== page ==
Hanumant’s Java Workshop

Turbo Charged Java Development!

Working with GridGain

From what I understand about GridGain, basically, you have to identify a task (called GridTask) that can be split up and the splits (called GridJobs) can then be thrown on to multiple machines (called GridNodes). The original task (the one that we split up), can wait for the results of all the GridJobs and once they are ready it can combine them and return the final output. This requires a fair amount of code change (as compared to Terracotta) if you already have something running that you want to run on multiple machines. Of course, in Terracotta you would probably spend that time in configuration instead of java code changes. So, I believe, in terms of amount of efforts, there isn’t much difference.

Based on this understanding, I am still trying to figure out how to make use of GridGain in our Producer-consumer scenario. It was fairly intuitive to do on Terracotta but I am not yet sure how to proceed with GridGain. May be this scenario is more suitable for Terracotta.

Let’s see…

September 27, 2007 Posted by | Java | 1 Comment

Working with Terracotta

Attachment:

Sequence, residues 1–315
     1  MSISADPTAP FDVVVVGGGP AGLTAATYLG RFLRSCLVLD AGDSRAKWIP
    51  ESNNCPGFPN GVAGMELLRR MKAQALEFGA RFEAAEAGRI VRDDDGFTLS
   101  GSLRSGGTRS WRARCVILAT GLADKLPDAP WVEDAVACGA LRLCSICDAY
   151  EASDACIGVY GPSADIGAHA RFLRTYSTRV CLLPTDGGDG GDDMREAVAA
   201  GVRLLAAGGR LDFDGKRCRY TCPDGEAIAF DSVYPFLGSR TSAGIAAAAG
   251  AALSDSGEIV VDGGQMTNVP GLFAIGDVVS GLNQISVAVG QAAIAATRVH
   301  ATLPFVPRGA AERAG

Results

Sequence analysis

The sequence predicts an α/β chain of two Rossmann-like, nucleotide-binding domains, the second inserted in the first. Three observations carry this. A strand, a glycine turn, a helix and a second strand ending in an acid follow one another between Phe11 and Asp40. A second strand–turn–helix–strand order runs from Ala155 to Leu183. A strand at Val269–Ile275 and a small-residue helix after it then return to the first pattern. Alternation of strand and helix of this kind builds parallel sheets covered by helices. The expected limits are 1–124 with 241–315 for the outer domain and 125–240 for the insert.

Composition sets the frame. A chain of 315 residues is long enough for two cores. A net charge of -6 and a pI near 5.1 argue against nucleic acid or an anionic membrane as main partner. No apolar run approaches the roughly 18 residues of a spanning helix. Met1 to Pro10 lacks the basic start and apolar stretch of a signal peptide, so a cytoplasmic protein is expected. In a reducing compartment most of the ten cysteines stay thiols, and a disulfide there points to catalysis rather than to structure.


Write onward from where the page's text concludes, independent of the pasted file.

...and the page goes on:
Terracotta allows us to specify, through an XML based configuration file, what objects do we want to share accross JVMs. In our application, we want a single Jobs instance to be shared accross JVMs. Our Producers will add jobs to the same Jobs instances and our consumers will take out jobs from the same Jobs instance.

We will create a new starter class called Main that can spawn either a Producer or a Consumer thread depending on the command line argument:

The Main class:

public class Main {
    Jobs jobs = new Jobs();
    public Main(boolean isProducer){
        if(isProducer) new Producer(jobs).start();
        else new Consumer(jobs).start();
    }

    public static void main(String[] args){
        new Main(args.length>0 && 
                "producer".equals(args.length[0]));
    }
}


All we want to do now is to tell Terracotta to share jobs field of this Main class and make sure that all the Producers and Consumers use the methods of Jobs class in a mutually exclusive manner. The config file to do this is really simple –